1:28 am
Mon August 27, 2012

In Distressed Syria, Urban And Rural Cultures At Odds

Syrian children, who fled their home with their family, take refuge at the Bab Al-Salameh border crossing, in hopes of entering one of the refugee camps in Turkey on Sunday.
Muhammed Muheisen AP

Originally published on Mon August 27, 2012 9:31 pm

After a month-long offensive in Aleppo, Syria's largest city, rebels are struggling under a fierce counter offensive by the Syrian military and the outcome is far from clear. But the future of Aleppo, the country's financial hub, is already under discussion in secret meetings on the Turkish border.

Over cups of sweat tea in a Turkish border hotel, Moeihmen Abdul Rahman, a lawyer from Aleppo, sits down for his first meeting with Abu Riad, a commander from the Al Tawheed brigade, a coalition of rebel militias leading the assault on Aleppo.

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Shots - Health Blog
1:26 am
Mon August 27, 2012

Pediatricians Decide Boys Are Better Off Circumcised Than Not

Social worker Shannon Coyne and her husband decided against circumcision for their son, now 11 months old. The nation's most influential pediatricians group says the health benefits of circumcision in newborn boys outweigh any risks and that insurance companies should pay for it.
Matt Rourke AP

Originally published on Fri August 31, 2012 10:35 am

The American Academy of Pediatrics on Monday announced its first major shift on circumcision in more than a decade, concluding that the health benefits of the procedure clearly outweigh any risks.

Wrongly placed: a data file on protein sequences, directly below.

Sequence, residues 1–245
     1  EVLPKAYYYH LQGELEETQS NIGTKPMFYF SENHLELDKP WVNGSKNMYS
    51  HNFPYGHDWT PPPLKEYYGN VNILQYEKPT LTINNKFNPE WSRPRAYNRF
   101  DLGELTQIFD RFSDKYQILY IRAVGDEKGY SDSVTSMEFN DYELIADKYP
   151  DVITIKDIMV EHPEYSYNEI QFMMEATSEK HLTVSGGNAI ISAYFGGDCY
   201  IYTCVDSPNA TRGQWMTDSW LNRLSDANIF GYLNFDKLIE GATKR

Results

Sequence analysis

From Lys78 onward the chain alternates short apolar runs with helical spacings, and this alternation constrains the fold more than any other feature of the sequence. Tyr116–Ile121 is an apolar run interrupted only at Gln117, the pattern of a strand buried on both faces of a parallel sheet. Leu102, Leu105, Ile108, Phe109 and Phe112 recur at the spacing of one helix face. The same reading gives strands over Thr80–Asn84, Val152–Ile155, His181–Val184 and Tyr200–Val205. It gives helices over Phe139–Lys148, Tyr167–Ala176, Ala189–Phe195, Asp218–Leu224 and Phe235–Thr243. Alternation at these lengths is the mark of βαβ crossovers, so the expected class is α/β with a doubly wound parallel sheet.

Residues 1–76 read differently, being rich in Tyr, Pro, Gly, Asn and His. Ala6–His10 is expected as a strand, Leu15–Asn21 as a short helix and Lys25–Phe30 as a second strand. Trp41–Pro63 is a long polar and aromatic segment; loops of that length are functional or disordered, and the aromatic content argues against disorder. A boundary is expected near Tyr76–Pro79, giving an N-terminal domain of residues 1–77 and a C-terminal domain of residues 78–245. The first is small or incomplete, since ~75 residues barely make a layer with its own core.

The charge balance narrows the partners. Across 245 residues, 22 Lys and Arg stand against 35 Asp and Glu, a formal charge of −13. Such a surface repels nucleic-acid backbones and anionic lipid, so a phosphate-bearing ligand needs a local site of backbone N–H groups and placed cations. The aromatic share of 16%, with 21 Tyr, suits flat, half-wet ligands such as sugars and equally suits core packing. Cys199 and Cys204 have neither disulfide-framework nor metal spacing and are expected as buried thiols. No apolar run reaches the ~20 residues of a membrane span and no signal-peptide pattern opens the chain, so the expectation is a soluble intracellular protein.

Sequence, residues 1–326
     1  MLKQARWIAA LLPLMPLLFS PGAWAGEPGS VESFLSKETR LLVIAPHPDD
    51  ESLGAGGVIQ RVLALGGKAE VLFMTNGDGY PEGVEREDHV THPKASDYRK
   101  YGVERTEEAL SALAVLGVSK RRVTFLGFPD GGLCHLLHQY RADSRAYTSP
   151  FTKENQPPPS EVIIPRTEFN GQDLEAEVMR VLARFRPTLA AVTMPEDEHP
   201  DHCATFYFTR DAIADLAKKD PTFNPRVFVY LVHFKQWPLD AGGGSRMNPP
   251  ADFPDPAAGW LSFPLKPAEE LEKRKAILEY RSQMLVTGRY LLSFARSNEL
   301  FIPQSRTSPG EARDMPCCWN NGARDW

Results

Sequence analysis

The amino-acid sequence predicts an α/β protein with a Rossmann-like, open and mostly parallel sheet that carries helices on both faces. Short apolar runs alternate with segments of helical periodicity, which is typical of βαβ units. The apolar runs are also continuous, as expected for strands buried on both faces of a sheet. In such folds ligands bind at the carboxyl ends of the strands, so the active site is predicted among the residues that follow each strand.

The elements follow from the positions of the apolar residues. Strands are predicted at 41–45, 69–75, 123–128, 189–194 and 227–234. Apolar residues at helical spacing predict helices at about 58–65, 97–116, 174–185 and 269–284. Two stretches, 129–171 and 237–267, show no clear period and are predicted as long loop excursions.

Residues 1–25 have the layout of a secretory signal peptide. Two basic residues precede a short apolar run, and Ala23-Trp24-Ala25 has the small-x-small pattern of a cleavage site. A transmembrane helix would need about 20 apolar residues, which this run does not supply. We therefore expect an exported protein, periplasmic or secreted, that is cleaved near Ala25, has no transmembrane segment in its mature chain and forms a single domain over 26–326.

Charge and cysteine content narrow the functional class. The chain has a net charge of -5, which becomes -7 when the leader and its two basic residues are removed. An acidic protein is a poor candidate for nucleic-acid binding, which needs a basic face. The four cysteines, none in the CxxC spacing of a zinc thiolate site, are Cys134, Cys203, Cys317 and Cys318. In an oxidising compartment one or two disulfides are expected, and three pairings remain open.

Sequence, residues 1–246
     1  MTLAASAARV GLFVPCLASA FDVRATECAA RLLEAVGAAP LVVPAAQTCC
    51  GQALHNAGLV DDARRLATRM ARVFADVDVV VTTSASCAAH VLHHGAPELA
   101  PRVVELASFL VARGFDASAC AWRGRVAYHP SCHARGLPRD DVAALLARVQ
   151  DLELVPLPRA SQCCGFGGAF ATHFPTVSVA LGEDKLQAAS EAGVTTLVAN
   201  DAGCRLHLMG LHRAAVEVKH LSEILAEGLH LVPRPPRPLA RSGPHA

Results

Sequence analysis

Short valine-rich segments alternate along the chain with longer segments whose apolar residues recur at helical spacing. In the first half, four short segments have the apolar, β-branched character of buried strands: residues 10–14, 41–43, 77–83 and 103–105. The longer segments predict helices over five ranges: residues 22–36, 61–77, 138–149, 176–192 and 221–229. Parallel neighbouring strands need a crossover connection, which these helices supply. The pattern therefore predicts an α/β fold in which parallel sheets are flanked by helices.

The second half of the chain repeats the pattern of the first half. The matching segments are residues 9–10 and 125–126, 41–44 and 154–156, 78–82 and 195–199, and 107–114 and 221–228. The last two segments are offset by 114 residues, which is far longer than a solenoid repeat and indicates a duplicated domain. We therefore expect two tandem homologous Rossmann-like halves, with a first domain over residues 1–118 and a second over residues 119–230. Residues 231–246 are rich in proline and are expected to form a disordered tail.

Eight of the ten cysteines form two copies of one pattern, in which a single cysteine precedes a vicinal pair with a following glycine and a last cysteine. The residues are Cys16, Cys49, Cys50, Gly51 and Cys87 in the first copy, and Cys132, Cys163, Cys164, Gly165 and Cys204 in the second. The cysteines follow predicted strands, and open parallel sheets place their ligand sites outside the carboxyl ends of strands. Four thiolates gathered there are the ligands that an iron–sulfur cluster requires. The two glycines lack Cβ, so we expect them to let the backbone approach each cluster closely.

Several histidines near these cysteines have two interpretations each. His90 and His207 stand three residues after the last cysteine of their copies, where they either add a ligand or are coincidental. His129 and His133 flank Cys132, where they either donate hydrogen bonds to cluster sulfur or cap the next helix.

"There is clear evidence that supports the health benefits of circumcision," said Susan Blank, who led the 14-member task force that formulated the new policy being published in the journal Pediatrics.

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It's All Politics
1:25 am
Mon August 27, 2012

Romney's Plan To Broaden Tax Base Finds Critics

Republican presidential candidate Mitt Romney speaks at a town hall meeting in Grand Junction, Colo., on July 10. Romney says he wants to sharply cut income tax rates, but that those cuts would be revenue-neutral.
Nicholas Kamm AFP/Getty Images

Originally published on Mon August 27, 2012 11:22 am

Republican presidential candidate Mitt Romney says he favors keeping all of the Bush-era tax cuts and then adding some more. To pay for these cuts, he would reduce or eliminate some of the tax deductions that many Americans have come to rely on. But his proposals are already facing a lot of resistance.

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Shots - Health Blog
1:24 am
Mon August 27, 2012

Sleepless Nights May Put The Aging Brain At Risk Of Dementia

If you're having trouble sleeping, researchers say you should resist the urge to keep checking the time.
mrsmuckers iStockphoto.com

Originally published on Mon August 27, 2012 8:55 am

As we age, our sleep patterns change. We've all heard the complaints: "I wake up in the middle of the night and can't get back to sleep!"

Some sleep experts estimate that as many as 40 percent of older adults suffer sleeping problems such as sleep apnea and insomnia. Now, researchers have found a link between disrupted sleep and cognitive decline.